Bogdan A. Matache, MD CM, FRCSC, Eoghan T. Hurley MB, BCh, MCh, Ivan Wong, Eiji Itoi, Eric J.Strauss, Ruth A. Delaney, Lionel Neyton, George S. Athwal, Leo Pauzenberger, Hannan Mullett, Laith M. Jazrawi, The Anterior Shoulder Instability International Consensus Group
The purpose of this study was to establish consensus statements via a modified Delphi process on revision surgery, rehabilitation and return to play, and clinical follow-up for anterior shoulder instability.
A consensus process on the treatment utilizing a modified Delphi technique was conducted, with 65 shoulder surgeons from 14 countries across 5 continents participating. Experts were assigned to one of 9 working groups defined by specific subtopics of interest within anterior shoulder instability.
The primary relative indications for revision surgery include symptomatic apprehension or recurrent instability, additional intra-articular pathologies, and symptomatic hardware failure. In revision cases, the differentiating factors that dictate treatment are the degree of glenohumeral bone-loss and rotator cuff function/integrity. The minimum amount of time before allowing athletes to return to play is unknown, but other factors should be considered, including restoration of strength, range of motion and proprioception, and resolved pain and apprehension, as these are prognostic factors of re-injury. Additionally, psychological factors should be considered in the rehabilitation process. Patients should be clinically followed-up for a minimum of 12-months or until a return to full, pre-morbid function/activities. Finally, the following factors should be included in anterior shoulder instability-specific patient-reported outcome measures: function/limitations impact on activities of daily living, return to sport/activity, instability symptoms, confidence in shoulder, and satisfaction.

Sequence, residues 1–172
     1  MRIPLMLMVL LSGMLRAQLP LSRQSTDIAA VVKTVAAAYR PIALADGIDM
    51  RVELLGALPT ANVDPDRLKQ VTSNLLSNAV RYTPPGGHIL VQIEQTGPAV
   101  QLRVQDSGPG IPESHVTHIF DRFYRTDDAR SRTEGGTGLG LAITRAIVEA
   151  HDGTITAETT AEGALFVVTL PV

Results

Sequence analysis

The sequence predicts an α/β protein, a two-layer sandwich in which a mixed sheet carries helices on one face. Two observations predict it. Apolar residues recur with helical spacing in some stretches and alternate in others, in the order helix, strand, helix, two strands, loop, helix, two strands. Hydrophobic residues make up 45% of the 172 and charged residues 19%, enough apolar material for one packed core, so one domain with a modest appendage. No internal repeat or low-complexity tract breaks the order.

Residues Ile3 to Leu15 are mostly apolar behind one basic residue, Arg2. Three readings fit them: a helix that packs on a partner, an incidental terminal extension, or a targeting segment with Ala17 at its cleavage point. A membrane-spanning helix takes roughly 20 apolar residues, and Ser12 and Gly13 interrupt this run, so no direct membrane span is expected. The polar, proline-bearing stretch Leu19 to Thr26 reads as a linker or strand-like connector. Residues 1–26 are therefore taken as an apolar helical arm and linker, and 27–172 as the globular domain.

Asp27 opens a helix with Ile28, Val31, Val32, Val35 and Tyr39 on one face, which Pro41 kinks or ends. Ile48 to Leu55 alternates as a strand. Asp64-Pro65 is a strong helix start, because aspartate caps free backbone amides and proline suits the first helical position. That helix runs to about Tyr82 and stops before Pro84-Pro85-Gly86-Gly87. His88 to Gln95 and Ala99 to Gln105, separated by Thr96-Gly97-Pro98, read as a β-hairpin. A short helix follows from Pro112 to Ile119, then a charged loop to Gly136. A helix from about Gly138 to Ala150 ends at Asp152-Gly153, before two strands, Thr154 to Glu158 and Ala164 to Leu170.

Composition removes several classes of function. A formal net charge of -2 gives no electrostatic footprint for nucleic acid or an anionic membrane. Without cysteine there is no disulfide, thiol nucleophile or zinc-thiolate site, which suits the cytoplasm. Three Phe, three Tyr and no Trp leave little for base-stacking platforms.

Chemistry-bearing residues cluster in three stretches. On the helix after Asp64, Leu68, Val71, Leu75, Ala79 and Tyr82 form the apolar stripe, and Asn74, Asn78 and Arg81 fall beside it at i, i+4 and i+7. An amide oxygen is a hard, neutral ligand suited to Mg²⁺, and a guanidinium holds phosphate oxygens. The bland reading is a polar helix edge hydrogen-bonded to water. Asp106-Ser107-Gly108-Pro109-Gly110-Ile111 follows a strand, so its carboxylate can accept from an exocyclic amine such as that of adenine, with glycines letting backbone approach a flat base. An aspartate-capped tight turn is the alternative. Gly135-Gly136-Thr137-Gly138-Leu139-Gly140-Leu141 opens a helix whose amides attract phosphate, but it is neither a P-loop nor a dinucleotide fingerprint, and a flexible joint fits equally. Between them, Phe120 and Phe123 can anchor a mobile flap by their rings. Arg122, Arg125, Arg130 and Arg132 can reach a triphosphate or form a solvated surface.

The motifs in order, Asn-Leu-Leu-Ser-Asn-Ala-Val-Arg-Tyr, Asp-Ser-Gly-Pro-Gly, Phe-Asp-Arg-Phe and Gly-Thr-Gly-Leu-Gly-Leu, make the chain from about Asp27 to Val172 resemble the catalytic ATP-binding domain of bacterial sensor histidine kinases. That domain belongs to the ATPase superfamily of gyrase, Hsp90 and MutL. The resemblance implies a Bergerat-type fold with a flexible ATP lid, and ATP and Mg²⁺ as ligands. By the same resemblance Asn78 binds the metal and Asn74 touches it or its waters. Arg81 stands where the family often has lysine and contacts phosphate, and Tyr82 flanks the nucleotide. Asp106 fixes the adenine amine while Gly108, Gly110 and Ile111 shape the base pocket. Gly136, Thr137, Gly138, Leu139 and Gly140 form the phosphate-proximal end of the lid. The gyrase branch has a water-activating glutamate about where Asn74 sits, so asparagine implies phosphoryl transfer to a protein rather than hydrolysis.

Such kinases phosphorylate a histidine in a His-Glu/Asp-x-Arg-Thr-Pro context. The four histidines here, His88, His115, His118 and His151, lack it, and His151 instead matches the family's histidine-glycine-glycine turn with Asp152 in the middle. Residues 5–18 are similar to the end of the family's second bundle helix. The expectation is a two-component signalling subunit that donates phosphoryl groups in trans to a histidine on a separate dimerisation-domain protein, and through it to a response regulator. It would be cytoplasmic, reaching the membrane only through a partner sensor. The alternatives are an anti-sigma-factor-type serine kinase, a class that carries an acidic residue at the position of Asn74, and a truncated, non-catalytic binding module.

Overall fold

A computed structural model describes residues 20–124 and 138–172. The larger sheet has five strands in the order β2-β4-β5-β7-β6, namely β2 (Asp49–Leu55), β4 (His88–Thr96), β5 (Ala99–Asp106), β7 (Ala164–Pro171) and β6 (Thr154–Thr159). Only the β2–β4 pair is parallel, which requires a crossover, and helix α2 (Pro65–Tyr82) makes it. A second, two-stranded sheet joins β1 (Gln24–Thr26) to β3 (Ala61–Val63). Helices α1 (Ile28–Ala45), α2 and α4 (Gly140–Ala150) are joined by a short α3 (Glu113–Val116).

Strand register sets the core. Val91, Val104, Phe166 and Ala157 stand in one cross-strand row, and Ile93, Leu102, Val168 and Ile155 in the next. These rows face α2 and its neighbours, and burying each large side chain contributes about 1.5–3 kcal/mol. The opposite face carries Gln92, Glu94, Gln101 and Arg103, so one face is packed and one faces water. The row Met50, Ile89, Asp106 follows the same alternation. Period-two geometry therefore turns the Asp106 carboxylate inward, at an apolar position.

Overall, 92% of statements reached unanimous or strong consensus. The statements that reached unanimous consensus were indications and factors affecting decisions for revision surgery, as well as how prior surgeries impact procedure choice. Furthermore, there was unanimous consensus on the role of psychological factors in return to play, considerations for allowing return to play, as well as prognostic factors. Finally, there was a lack of unanimous consensus on recommended timing and methods for clinical follow-up.
Level of Evidence
Level V Expert Opinion
You may request the study: Anterior Shoulder Instability Part III – Revision Surgery, Rehabilitation and Return to Play, and Clinical Follow-Up – An International Consensus Statement
You may also dowload and/or pay for the study HERE